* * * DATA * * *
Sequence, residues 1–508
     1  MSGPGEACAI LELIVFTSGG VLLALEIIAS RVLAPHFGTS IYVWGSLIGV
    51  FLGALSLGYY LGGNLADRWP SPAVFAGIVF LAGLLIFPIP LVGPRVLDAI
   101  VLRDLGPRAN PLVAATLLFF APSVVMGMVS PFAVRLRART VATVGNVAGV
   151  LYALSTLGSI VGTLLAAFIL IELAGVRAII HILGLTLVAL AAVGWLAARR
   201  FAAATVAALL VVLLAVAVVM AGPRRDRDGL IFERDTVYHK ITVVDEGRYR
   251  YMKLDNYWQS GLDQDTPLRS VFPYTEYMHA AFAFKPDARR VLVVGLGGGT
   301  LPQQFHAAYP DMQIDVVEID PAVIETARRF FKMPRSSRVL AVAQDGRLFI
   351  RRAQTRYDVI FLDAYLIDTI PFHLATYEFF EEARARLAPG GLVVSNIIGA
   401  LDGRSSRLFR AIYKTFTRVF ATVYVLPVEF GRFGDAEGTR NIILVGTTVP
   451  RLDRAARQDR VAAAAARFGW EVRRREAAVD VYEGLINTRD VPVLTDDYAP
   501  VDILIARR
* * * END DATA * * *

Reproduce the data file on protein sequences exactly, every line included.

Sequence, residues 1–508
     1  MSGPGEACAI LELIVFTSGG VLLALEIIAS RVLAPHFGTS IYVWGSLIGV
    51  FLGALSLGYY LGGNLADRWP SPAVFAGIVF LAGLLIFPIP LVGPRVLDAI
   101  VLRDLGPRAN PLVAATLLFF APSVVMGMVS PFAVRLRART VATVGNVAGV
   151  LYALSTLGSI VGTLLAAFIL IELAGVRAII HILGLTLVAL AAVGWLAARR
   201  FAAATVAALL VVLLAVAVVM AGPRRDRDGL IFERDTVYHK ITVVDEGRYR
   251  YMKLDNYWQS GLDQDTPLRS VFPYTEYMHA AFAFKPDARR VLVVGLGGGT
   301  LPQQFHAAYP DMQIDVVEID PAVIETARRF FKMPRSSRVL AVAQDGRLFI
   351  RRAQTRYDVI FLDAYLIDTI PFHLATYEFF EEARARLAPG GLVVSNIIGA
   401  LDGRSSRLFR AIYKTFTRVF ATVYVLPVEF GRFGDAEGTR NIILVGTTVP
   451  RLDRAARQDR VAAAAARFGW EVRRREAAVD VYEGLINTRD VPVLTDDYAP
   501  VDILIARR